DR:  Who are some singers that have influenced you?

PS:  To me, you can't get better than that Daryl Hall vocal. Listen to him when he opens his mouth and sings - now that's a singer! Musical Theater singers are okay, but I find that style incredibly boring. When you put your soul into it - [sings Hall & Oates' Sara Smile] - that feel of a song makes me go, "Wow!". If you're busy singing TSO stuff with big guitars, that stuff doesn't play like that. 

I also love all of those soul singers from the '80s: Al Jarreau, Jeffrey Osborne, and James Ingram. I grew up on [sings James Ingram's "How do you keep the music playing"]. Those were some of the most beautiful songs I have ever heard, they last an eternity.

I love Freddie Mercury. What he did with Queen and solo will never be duplicated. He did a lot of exploring with beats before he died - even Queen's Hot Space album was experimenting with techno beats. And his solo stuff  - [sings Lets Turn it On] - was groundbreaking. You can still hear his vocals on McDonald's commercials, commercials for tires, still getting on because it has a feel of commercial sound without having that old sound to it. This is because he was always exploring. Mercury was exploring sound - if you don't explore sound, you got shit. You have got to explore it, dive into it.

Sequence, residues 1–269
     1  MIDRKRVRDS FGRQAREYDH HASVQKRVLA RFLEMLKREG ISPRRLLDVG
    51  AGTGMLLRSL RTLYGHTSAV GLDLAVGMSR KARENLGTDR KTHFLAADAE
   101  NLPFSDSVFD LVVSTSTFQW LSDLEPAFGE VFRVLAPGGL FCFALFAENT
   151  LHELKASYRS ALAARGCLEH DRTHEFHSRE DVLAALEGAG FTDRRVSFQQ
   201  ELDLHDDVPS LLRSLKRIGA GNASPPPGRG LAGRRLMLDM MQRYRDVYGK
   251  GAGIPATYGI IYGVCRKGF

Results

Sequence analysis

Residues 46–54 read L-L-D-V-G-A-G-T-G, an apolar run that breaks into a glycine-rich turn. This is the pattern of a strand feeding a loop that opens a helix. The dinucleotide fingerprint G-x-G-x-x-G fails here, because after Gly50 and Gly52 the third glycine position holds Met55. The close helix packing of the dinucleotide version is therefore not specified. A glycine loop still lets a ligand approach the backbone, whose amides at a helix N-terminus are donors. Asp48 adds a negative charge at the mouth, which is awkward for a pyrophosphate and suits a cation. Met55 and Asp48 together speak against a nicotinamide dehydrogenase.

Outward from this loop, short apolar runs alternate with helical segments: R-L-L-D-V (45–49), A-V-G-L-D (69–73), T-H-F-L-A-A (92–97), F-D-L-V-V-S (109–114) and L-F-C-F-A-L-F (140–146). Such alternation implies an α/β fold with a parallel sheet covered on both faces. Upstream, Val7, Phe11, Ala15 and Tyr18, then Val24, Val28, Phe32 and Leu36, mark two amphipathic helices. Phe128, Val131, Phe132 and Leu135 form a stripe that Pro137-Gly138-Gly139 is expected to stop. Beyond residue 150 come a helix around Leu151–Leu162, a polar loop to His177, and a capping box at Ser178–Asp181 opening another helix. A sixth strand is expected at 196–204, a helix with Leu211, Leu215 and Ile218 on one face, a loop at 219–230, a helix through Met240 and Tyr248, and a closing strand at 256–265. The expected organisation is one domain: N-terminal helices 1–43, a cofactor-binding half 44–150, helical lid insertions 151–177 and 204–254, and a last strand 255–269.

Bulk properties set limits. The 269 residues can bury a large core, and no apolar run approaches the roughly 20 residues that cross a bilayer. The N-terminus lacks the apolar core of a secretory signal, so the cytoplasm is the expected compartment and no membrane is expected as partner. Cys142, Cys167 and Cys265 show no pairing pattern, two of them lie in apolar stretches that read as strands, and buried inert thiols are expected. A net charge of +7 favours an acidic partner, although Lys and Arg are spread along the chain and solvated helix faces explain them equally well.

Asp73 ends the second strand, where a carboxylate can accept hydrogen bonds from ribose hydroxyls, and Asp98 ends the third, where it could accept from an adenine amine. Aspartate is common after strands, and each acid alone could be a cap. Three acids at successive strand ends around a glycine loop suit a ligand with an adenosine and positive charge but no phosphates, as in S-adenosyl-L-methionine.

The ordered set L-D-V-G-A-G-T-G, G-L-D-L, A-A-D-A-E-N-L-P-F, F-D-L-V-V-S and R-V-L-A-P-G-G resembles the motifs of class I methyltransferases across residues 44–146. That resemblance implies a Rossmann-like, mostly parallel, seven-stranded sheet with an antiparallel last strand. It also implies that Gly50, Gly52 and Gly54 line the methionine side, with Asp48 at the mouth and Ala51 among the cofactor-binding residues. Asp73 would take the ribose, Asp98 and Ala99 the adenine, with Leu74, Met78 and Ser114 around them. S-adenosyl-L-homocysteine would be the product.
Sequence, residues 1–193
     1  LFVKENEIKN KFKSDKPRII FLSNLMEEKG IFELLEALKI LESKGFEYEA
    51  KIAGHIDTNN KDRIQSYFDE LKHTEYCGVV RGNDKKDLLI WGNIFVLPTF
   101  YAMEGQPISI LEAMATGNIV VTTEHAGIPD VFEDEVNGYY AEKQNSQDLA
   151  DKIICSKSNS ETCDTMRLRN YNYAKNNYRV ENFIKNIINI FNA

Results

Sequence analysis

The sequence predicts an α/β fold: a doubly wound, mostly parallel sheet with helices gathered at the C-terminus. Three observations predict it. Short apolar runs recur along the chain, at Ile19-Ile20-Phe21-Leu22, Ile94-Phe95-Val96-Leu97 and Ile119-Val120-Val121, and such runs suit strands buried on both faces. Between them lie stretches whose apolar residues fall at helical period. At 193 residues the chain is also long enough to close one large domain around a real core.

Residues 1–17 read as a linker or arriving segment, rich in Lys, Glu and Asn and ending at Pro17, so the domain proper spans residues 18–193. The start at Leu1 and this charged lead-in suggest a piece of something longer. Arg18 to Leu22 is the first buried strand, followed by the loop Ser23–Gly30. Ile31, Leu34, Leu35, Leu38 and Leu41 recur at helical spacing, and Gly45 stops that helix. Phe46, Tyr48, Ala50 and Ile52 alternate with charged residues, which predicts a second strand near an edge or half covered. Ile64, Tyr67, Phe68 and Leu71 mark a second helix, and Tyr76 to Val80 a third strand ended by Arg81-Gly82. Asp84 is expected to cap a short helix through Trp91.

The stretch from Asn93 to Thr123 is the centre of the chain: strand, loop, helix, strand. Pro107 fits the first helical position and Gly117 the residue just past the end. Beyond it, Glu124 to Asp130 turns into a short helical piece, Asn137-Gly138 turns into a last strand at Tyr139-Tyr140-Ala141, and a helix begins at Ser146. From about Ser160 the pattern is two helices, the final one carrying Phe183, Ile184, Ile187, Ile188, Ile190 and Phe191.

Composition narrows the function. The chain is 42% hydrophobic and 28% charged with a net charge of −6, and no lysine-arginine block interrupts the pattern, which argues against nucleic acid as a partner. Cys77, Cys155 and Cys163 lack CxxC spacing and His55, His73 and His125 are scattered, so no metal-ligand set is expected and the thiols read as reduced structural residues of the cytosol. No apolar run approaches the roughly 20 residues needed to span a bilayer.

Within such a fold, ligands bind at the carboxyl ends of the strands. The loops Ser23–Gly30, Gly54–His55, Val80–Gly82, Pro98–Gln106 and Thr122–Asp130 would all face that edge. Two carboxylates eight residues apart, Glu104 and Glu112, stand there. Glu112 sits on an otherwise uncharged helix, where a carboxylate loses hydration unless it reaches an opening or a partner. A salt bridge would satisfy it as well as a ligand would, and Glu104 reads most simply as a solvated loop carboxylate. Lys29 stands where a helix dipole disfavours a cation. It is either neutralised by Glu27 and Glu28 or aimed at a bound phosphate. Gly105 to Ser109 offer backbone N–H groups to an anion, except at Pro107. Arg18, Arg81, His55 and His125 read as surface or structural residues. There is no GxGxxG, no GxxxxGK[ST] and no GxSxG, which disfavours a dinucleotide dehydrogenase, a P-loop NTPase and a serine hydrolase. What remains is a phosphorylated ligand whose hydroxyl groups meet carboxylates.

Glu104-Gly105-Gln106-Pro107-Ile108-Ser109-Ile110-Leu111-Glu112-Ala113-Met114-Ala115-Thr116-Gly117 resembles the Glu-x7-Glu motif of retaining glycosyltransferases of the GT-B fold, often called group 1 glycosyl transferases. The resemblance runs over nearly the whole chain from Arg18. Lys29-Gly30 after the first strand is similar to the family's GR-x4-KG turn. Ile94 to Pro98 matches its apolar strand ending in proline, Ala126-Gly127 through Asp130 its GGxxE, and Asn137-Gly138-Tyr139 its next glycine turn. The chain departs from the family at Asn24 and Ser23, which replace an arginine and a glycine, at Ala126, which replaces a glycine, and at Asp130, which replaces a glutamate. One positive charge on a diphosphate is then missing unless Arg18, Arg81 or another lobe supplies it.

DR: You mentioned coming back from Nashville, is that where your new EP More Alive was recorded?

PS:  I did part of it in Nashville and part of it in Los Angeles. I did most of my writing in Nashville and got to work with some great producers.
Peter and his female Pit, Leo
recording in a Nashville studio